Simon wrote:

> For instance you say you want a "monoidal partial order which also an upper semilattice with arbitrary joins". But if I click on the link you gave, we find that an upper semilattice means a partial order with all non-empty finite joins. So once we see what an upper semilattice is, we realise that it is redundant in the above sentence. You need a monoidal partial order which has arbitrary joins.

By the way, as you hinted, there's a difference between the order theorist's definition of 'semilattice' and the category theorist's.

An order theorist says an upper semilattice, or join-semilattice, is a poset with joins of all _non-empty_ finite sets. A category theorist will dislike that italicized exception, and say a join-semilattice is a poset with joins of _all_ finite sets. An order theorist will call this a join-semilattice _with a bottom element \\(\bot\\) (namely the join of the empty set).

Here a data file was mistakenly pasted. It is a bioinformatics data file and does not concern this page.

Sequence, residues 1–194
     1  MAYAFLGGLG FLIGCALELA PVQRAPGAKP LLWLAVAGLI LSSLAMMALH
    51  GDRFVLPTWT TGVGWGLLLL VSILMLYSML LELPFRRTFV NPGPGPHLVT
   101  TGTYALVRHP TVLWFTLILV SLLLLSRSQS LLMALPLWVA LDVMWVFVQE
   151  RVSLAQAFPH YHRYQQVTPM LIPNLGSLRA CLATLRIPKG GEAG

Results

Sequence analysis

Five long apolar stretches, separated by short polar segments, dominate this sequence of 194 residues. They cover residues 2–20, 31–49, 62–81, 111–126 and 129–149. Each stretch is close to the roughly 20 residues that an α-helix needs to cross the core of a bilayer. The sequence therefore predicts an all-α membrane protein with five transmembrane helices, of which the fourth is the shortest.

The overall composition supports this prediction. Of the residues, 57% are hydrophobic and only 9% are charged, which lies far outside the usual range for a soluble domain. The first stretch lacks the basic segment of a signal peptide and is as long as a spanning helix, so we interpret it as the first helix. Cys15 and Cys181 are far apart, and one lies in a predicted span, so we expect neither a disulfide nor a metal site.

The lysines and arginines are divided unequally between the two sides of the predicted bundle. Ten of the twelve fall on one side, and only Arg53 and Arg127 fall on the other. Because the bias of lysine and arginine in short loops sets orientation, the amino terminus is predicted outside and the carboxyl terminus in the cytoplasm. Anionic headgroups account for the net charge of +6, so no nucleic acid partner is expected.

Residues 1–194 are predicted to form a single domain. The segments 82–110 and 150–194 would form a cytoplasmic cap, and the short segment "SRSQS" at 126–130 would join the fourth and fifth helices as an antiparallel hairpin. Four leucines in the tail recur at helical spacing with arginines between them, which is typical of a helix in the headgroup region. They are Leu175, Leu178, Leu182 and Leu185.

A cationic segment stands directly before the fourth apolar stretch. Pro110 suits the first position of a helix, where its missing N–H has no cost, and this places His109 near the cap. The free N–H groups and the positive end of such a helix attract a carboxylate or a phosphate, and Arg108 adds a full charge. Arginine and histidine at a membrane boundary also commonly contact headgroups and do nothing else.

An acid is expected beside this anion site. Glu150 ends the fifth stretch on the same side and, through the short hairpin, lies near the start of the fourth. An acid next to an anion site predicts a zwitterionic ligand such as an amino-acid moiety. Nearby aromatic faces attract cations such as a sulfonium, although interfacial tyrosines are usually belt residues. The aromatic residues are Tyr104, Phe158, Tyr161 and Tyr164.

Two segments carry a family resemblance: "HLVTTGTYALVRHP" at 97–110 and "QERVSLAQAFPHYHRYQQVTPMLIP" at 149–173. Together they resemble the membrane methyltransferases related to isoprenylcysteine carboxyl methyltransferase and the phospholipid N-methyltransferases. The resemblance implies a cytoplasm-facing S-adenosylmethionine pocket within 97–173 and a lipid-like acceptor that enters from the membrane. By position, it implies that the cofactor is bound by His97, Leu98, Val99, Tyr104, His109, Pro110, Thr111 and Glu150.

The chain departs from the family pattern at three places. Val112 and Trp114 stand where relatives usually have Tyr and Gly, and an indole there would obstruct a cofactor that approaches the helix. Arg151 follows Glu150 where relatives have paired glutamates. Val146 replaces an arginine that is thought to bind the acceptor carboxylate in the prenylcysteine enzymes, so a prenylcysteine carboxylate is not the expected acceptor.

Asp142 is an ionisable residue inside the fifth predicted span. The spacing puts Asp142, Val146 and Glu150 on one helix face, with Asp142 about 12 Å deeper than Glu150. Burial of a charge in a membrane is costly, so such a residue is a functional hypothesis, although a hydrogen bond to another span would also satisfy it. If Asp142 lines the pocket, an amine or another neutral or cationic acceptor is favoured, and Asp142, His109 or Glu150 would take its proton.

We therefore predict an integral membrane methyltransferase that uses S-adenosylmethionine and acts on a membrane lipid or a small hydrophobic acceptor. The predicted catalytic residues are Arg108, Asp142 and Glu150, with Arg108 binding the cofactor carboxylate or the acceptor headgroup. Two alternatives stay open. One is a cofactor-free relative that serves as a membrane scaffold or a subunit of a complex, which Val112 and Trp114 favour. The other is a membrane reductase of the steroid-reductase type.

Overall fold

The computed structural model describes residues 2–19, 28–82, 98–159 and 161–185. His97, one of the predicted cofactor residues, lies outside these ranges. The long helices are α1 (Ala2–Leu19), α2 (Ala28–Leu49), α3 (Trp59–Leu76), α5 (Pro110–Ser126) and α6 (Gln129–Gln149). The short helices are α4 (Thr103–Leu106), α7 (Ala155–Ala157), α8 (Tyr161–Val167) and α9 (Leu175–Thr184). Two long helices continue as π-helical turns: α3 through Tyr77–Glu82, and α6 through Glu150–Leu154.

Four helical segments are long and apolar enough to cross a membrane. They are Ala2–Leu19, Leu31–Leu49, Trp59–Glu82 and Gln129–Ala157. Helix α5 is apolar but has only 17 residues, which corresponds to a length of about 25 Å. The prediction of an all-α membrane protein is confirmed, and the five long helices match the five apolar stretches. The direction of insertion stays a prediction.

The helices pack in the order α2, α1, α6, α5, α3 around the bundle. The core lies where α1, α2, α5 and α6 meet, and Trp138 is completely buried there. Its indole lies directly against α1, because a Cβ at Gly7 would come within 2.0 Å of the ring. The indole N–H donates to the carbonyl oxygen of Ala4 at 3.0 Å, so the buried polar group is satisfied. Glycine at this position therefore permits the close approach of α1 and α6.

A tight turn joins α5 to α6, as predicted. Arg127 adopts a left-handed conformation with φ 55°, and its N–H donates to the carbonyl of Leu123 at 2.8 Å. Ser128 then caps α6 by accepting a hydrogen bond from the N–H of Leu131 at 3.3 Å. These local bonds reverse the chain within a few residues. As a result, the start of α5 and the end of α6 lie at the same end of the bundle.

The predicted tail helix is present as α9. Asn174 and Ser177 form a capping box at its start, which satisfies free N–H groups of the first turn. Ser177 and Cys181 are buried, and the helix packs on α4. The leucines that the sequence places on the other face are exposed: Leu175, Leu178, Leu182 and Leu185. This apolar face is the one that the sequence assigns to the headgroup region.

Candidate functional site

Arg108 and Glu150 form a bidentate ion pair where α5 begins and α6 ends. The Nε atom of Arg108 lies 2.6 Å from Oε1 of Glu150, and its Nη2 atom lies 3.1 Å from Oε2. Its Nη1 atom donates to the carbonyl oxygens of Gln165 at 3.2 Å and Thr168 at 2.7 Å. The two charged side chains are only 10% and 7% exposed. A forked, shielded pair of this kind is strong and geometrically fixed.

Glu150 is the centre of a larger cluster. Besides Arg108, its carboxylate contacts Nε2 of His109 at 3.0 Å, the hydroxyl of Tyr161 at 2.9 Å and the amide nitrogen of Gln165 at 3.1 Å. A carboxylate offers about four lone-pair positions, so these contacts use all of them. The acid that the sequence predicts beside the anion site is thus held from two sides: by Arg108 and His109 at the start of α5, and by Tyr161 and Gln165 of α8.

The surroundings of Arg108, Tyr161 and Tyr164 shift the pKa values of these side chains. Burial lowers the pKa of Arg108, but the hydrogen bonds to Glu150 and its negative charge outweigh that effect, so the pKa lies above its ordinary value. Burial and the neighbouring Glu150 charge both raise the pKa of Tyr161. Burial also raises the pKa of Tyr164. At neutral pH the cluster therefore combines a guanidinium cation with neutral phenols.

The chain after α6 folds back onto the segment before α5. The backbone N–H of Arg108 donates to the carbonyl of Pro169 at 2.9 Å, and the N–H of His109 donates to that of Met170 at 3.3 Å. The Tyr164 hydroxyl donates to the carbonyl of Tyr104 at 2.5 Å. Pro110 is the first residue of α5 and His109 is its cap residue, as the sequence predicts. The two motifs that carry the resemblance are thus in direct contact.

Unsurprisingly, I am with the category theorists on this one!

The same disagreement afflicts the definition of lower semilattice or meet-semilattice, and of lattice.

My definition of 'quantale' in [Lecture 63]( is also nonstandard - neither the usual one, nor Fong and Spivak's! My quantales are all skeletal (posets rather than preorders), because I see no great advantage in discussing isomorphic-but-not-equal objects in what we're doing now. That's a choice of convenience, not principle. And my quantales are all unital - because I prefer monoids to semigroups. That's a choice of principle!